Most prefabbed container homes won’t come with a roof, other than the flat roof that it comes with. This is typically one of the areas that most people wanting a container home will add first to their new home.
A Shipping Container Roof Kit is one option to go with for setting up a roof, the other option is to build a roof onto your container home. Whether you decide to add a roof or not is completely up to style, cost, and function.
Depending on your location you may need to add a roof if snow load is going to be an issue for your new home. Not roofing your home will initially save you money. Something to keep in mind is that hot air rises, so most of the heat is lost due to escaping through the roof.
In the long run it will end up saving you quite a bit of money by roofing and insulating your roof by keeping more of the heat in your home.
There are a range of ways to go about adding on a roof to your container home. There are prefabbed roof kits that you can purchase online or locally. You can hire a framing subcontractor to build one for you using traditional building materials, or as a DIY.
There are also some benefits besides saving energy that comes with a roof, such as:
Overhang keeps rain off the windows
Eliminates the need for a drip bar above the windows
Overhang can be built out to provide shade
There are companies online, and possibly in your local area as well, that sell Shipping Container Roof Kits.
They’re typically made from corrugated steel and are also structurally engineered to withstand various applications and load-bearing capability.
These kits can be purchased for a couple of thousands of dollars and are pretty comparable to building a gabled roof. Typically, these kits can be installed in a day with two people assembling the product.
If you can’t find a roof kit that works for your application, then the next option would be to construct a roof.
Before beginning work on your roof, it is vital that you work with a structural engineer, the reason being is that they will calculate to load bearing requirements of your roof, depending on the needs for your area.
Areas that are prone to high winds will need to have roofs engineered with additional bracing in the trusses.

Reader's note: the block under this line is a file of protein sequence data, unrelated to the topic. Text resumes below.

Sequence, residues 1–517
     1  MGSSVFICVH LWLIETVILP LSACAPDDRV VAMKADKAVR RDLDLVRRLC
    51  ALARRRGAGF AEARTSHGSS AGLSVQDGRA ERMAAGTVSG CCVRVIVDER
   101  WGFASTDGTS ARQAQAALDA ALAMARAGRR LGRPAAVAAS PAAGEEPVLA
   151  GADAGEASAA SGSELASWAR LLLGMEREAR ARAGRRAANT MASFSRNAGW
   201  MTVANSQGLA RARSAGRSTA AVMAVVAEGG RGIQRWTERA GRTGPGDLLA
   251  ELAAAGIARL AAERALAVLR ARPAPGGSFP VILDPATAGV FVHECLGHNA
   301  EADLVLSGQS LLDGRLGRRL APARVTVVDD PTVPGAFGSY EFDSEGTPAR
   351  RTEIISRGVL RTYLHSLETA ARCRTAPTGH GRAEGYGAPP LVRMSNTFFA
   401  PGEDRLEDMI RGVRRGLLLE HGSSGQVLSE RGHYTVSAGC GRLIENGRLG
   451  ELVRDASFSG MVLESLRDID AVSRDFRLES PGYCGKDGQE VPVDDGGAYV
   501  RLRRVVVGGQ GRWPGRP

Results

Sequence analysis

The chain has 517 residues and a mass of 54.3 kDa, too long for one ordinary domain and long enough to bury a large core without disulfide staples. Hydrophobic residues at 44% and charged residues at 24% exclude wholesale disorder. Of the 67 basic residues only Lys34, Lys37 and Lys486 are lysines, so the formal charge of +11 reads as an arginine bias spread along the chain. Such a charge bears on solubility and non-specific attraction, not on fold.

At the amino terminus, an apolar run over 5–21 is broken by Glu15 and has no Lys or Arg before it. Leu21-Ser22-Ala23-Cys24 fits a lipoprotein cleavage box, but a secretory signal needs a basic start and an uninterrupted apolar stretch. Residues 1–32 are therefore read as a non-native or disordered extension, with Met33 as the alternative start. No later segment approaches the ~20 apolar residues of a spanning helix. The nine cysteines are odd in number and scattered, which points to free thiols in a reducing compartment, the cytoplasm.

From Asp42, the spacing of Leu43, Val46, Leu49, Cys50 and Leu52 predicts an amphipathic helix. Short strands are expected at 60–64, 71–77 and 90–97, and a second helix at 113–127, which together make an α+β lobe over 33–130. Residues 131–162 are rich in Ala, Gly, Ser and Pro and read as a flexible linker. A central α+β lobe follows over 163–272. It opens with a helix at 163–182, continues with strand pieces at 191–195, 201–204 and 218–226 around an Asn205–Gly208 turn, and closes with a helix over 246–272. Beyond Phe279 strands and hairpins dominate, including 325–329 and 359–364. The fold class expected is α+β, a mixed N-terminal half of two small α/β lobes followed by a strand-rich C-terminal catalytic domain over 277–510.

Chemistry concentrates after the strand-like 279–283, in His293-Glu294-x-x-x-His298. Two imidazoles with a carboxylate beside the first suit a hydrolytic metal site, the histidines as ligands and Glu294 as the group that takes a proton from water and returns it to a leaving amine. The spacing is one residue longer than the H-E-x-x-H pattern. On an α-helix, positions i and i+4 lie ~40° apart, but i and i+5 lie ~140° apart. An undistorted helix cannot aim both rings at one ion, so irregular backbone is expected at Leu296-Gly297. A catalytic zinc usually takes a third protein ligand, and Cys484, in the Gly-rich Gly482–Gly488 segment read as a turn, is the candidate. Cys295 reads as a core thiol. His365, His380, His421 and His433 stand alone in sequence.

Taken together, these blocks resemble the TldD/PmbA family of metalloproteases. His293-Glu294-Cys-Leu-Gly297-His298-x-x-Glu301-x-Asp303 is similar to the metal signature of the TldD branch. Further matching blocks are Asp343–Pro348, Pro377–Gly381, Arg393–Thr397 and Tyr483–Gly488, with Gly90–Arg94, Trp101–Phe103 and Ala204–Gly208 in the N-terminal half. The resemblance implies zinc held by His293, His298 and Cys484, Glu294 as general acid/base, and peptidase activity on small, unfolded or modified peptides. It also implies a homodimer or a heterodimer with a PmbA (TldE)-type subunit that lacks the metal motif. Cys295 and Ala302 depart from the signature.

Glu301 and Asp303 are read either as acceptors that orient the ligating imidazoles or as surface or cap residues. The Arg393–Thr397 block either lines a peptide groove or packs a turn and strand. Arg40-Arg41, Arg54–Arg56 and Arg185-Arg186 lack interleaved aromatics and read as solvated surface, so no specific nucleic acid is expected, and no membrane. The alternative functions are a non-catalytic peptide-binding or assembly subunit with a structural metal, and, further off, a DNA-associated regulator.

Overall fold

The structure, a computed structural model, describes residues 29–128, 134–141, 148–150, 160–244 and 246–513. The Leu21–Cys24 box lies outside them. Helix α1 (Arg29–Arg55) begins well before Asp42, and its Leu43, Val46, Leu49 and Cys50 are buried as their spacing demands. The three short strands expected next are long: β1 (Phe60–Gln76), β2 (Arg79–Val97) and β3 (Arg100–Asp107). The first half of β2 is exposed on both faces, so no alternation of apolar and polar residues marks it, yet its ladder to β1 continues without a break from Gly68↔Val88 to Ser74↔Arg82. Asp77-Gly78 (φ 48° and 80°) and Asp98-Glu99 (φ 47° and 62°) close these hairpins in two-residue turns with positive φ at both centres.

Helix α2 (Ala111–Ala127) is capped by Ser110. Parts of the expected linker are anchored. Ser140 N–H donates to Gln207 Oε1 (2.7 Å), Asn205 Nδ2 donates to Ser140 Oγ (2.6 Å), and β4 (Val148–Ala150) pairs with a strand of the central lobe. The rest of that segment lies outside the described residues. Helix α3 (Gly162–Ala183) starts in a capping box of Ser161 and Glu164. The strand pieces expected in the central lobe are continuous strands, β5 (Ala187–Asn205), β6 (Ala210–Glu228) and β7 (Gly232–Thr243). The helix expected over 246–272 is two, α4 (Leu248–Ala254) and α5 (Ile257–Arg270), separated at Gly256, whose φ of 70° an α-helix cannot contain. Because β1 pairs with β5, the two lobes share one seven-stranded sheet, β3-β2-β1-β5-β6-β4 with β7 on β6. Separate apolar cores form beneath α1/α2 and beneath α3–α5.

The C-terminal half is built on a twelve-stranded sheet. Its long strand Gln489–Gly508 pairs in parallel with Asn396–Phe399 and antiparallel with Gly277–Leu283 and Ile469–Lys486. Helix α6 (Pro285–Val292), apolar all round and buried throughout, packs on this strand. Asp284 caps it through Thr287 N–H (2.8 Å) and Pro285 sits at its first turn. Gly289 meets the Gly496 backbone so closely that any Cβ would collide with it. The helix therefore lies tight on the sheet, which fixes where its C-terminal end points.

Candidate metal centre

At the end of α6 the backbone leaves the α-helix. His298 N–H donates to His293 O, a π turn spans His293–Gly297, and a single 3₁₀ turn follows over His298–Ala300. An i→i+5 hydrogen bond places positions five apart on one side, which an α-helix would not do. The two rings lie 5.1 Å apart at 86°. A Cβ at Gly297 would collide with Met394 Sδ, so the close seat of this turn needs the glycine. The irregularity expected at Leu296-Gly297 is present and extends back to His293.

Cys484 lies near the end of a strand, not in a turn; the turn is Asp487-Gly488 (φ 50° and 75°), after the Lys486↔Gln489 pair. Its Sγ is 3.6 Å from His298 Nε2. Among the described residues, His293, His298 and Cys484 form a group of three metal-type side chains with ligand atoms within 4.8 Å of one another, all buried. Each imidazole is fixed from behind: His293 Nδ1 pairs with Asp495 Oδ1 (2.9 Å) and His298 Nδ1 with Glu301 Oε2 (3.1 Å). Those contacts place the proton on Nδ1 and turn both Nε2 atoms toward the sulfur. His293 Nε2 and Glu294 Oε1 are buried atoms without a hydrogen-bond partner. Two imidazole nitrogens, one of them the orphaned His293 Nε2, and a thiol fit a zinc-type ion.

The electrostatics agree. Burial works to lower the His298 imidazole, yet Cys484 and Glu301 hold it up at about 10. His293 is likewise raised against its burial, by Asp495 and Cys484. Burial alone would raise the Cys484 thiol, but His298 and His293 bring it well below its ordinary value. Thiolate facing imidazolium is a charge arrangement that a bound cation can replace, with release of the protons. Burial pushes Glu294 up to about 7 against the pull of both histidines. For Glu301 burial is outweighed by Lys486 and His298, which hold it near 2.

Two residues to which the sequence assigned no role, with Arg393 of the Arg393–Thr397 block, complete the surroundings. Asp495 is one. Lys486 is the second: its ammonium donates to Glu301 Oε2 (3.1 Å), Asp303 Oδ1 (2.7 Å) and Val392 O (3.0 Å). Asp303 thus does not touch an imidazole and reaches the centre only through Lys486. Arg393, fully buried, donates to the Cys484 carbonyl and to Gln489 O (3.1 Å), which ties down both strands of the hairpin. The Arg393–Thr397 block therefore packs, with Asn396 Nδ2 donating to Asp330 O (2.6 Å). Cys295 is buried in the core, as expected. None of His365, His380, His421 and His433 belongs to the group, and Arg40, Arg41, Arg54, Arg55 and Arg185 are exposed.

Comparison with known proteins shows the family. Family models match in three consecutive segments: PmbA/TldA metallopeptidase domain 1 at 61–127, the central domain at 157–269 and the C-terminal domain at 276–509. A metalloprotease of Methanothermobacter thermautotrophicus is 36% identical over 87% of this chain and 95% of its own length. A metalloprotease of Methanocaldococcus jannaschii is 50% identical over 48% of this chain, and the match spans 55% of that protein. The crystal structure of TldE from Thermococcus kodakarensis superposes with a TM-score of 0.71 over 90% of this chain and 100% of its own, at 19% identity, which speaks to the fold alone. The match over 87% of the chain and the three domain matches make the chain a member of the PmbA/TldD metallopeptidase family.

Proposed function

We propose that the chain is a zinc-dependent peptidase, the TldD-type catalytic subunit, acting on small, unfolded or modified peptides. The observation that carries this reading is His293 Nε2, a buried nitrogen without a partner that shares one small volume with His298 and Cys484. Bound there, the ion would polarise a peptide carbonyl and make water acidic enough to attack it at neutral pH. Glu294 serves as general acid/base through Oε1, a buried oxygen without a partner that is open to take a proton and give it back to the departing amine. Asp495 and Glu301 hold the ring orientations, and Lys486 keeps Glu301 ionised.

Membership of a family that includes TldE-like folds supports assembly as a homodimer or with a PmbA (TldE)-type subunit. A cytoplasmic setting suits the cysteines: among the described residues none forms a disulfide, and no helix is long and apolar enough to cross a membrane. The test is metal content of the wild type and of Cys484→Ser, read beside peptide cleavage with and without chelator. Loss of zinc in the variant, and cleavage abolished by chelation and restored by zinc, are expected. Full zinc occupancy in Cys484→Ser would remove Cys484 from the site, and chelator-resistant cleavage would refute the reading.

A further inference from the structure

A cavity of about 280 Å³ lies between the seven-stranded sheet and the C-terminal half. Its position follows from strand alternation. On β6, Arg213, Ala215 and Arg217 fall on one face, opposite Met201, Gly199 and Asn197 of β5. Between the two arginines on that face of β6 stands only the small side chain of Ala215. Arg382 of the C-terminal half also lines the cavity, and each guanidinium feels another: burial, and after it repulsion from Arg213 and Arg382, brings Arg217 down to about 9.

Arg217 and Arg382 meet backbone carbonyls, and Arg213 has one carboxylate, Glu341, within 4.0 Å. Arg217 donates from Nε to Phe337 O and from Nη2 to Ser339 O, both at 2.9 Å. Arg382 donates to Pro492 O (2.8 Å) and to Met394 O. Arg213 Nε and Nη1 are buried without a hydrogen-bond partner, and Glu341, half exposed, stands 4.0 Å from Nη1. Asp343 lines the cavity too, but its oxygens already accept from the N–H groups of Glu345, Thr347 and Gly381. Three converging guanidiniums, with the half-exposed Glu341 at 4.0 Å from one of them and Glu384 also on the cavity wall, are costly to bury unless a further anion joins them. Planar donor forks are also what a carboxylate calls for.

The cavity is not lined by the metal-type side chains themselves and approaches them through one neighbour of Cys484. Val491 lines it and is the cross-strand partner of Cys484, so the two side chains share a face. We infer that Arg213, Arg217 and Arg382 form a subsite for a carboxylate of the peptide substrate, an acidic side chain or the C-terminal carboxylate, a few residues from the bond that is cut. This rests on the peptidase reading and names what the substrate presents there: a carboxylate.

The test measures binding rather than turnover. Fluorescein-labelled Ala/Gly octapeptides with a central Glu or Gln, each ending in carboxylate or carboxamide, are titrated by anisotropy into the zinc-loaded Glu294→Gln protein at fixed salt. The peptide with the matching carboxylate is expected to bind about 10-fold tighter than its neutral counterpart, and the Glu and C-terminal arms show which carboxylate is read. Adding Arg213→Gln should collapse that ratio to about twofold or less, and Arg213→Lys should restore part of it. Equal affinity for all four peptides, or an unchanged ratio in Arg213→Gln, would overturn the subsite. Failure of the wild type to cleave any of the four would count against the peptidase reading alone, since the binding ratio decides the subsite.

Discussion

Warmer climates will most likely not need such a strong structural capability but will use more insulation perks.
No matter what type of roof you choose it will need to have adequate ventilation.
A structural engineer will calculate the dead, live, and transient load of your roof.
Most homes are a little cookie cutter to one another, but roof loads can vary quite a bit from region to region and need to be customized per home and needs for that home.
When most people think or imagine about roof, a gabled roof is what usually comes to mind as it’s the most common roof style used in a traditional home. Gabled roofs are triangular in shape which has the advantage of water drainage to eliminate leaks in the roof.
Another benefit of a gabled roof is that it provides more ceiling space that you can use as storage, or for other uses. As space is already limited in container homes extra storage is always a bonus.
How to Install a Gabled Roof
The first step in building a gabled roof is to weld right angled steel plates around the perimeter of the container. You may need to hire a welder to perform this step for you.
The next thing to do will be to attach a wooden beam to the steel plate on each side of the container home.
You will then screw, or nail, the trusses to the wooden beams. Adding purlins (purlin refers to roof framing and are pieces that span parallel to the building eave and support the roof decking or sheeting) across the trusses is the next step.
After your trusses are set the next step is to add sheeting to cover the trusses. Your engineer will most likely recommend what type of material to use based on your specific needs. Once the trusses are covered you can then move on to some vital projects that need to happen before adding the final covering, whether asphalt shingles, shake shingles, etc.
There are a couple of steps to provide proper ventilation for your roof. On the gable ends you will cut in a vent, one on each end, to provide you with a cross breeze to cool the roof in warm weather.
Trusses will overhang your container, and they are designed that way. You will then need to attach the fascia and soffit underneath the trusses. When installing the soffit board, you should leave about an inch gap in the middle of it to allow air to flow in and out of the roof.
A shed roof is a sloped roof. This roof is much cheaper and easier to build. It’s possible to have a shed roof built and finished in a few days, versus a week or two for a gabled roof. Another benefit is that the sloped roof is perfect for installing solar panels.
The construction of a sloped roof is similar to building a gabled roof. You will need to weld right angle steel plates around the exterior of the container home. Then add the wooden beam to the steel plates. You will then attach the trusses to the wooden beam. Attach the purlins to make the trusses structurally sound.
You will then need bracing in the trusses to protect against the wind and other elements. Your structural engineer will have provided the exact dimensions and specifics for your container home.
How to Install a Sloped Roof
The last step is to cover your trusses in sheeting per the specifications of your engineer. Before adding the shingles, or whichever final material you’ve chosen to cover your roof, make sure to cut in the proper ventilation for your home.